Bill to Cut Supervisor Pay Likely
Despite Republican delays and opposition by the board, the bill has a good chance of passage.
In yesterday’s paper a Milwaukee Journal Sentinel headline declared “quick action unlikely” on the proposal to reduce the pay of county supervisors to a part-time position. But Rep. Joe Sanfelippo, author of the legislative bill, offers a counter prediction: “It’s gonna pass.”
Senate Majority Leader Scott Fitzgerald (R-Juneau) told the paper he was “not in any rush” to pass the proposed referendum (whereby Milwaukee county voters would vote on whether to reduce supervisor pay from $50,000 to $15,000). But one Capitol insider told me Fitzgerald was temporarily backing off because he didn’t want to be associated with the news that business leaders in the Greater Milwaukee Committee would be holding a fundraiser to raise money to support their campaign in favor of the change in county governance.
Sanfelippo says he had a good conversation with Fitzgerald on the issue and notes, “I’m having a fairly easy time getting legislators to agree with me that the state should step in on this issue. I’m getting a lot of support.”
With Republicans in charge of both legislative houses, there is no way Democrats could stop the proposal. And staff assistants to Gov. Scott Walker have said the governor will support this, Sanfelippo says. “One of Walker’s five priorities is government reform, and where is the better place to start than Milwaukee County?” he asks. If Walker wants this (and Milwaukee business leaders are likely to lobby for it), odds are that GOP legislators will go along.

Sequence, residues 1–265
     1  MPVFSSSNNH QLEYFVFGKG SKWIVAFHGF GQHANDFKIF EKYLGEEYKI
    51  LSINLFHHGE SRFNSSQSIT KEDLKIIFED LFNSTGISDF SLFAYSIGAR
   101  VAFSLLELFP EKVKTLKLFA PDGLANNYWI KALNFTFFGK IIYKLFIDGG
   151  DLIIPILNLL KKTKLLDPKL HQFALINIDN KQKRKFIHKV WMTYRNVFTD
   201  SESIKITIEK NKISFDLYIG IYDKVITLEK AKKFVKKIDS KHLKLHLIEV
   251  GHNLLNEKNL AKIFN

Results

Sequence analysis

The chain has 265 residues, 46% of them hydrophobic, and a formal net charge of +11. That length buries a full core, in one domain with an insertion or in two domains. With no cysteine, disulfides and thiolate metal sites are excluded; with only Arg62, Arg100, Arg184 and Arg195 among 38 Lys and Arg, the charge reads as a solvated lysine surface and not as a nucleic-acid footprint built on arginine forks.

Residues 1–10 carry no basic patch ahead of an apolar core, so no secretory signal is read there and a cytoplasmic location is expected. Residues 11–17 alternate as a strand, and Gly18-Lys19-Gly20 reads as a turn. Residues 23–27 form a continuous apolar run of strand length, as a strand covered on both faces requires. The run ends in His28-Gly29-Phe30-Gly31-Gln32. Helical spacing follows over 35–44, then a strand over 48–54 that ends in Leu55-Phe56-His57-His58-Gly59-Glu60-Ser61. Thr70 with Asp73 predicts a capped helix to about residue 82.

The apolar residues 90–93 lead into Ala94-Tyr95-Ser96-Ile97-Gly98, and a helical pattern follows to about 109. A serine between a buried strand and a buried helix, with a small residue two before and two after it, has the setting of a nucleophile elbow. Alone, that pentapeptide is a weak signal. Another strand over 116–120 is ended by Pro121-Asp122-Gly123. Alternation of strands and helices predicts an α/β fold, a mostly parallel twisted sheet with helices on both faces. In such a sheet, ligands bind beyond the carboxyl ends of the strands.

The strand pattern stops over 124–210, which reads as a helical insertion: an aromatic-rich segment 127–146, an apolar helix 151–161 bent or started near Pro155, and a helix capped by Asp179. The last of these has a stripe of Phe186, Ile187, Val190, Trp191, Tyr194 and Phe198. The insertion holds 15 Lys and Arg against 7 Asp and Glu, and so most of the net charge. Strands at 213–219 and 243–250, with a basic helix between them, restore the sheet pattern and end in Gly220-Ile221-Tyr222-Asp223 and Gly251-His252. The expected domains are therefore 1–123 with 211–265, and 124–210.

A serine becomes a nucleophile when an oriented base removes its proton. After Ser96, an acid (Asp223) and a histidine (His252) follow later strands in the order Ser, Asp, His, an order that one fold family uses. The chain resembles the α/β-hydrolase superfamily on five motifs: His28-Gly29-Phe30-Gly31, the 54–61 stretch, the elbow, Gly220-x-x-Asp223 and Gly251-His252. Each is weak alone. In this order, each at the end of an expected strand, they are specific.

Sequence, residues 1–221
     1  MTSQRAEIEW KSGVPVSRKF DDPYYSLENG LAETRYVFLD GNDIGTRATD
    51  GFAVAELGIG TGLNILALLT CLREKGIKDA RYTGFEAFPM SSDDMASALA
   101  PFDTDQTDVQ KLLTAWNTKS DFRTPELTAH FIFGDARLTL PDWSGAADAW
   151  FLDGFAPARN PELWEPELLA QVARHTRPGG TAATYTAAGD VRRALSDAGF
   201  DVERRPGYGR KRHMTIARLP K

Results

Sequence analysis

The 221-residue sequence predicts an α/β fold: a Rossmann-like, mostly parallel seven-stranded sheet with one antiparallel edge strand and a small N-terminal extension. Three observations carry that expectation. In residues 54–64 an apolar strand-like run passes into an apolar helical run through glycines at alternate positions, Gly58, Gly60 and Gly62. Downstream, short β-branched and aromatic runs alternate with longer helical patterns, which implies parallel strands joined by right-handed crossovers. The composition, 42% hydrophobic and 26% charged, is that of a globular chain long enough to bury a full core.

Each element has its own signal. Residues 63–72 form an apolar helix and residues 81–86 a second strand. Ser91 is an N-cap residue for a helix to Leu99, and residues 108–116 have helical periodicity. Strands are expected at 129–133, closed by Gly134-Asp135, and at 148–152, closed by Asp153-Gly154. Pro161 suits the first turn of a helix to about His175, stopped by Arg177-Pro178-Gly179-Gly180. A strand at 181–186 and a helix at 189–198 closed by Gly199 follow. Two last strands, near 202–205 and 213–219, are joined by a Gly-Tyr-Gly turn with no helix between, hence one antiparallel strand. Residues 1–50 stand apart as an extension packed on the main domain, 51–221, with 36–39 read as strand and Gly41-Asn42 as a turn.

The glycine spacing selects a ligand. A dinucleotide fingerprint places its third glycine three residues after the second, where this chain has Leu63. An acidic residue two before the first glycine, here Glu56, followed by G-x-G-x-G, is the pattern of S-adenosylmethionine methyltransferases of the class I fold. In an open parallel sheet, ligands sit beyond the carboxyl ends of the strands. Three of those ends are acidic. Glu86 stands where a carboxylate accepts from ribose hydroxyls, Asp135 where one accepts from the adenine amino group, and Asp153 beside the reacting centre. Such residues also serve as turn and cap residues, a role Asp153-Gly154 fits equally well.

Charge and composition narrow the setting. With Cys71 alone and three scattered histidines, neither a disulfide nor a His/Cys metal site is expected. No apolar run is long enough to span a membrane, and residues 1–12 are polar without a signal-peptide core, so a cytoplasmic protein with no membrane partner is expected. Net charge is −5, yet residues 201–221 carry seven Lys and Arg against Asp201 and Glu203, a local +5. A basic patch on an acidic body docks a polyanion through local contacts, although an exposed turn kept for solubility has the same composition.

Sanfelippo even predicts he will pick up support from some Democratic legislators and perhaps a few county supervisors.
One objection that’s been raised is whether the proposed cut in the board’s budget — to .4 percent of the county levy — is too deep a cut. That would cut the board’s budget to about $1.3 million, slashing it by several million.
That sounds drastic, but its worth noting that Milwaukee’s citizenry voted in 1960 to create the position of county executive with the idea that the executive rather than the board would manage county departments. Yet the county exec budget is just $1.3 million, while the board’s budget is 4.2 times higher at $5.4 million.
As I wrote in a recent column, it was right after the legislature gave the executive the power to appoint his/her own cabinet in 1977 that the board reacted by building up its own staff. It added one part-time staff assistant for each board member but today 14 of 18 aides are full-time (three supervisors somehow get by with an aide who is listed as 87 percent time while one thrifty supervisor — I’m guessing John Weishan — has a 50 percent time aide).
All told, the board has 38 staff working for it, compared to just three serving the Waukesha County Board, Sanfelippo says. The 38 Milwaukee staff include six full-time research analysts, two full-time public relations people, two full-time committee clerks, two lobbyists (while the exec has none), a chief of staff and two assistants to the chief of staff and many others. The full-time salaries range from $26,941 to $113,830. It would be interesting to see how many of these positions were added since the board began building its power and compensation in the late 1970s.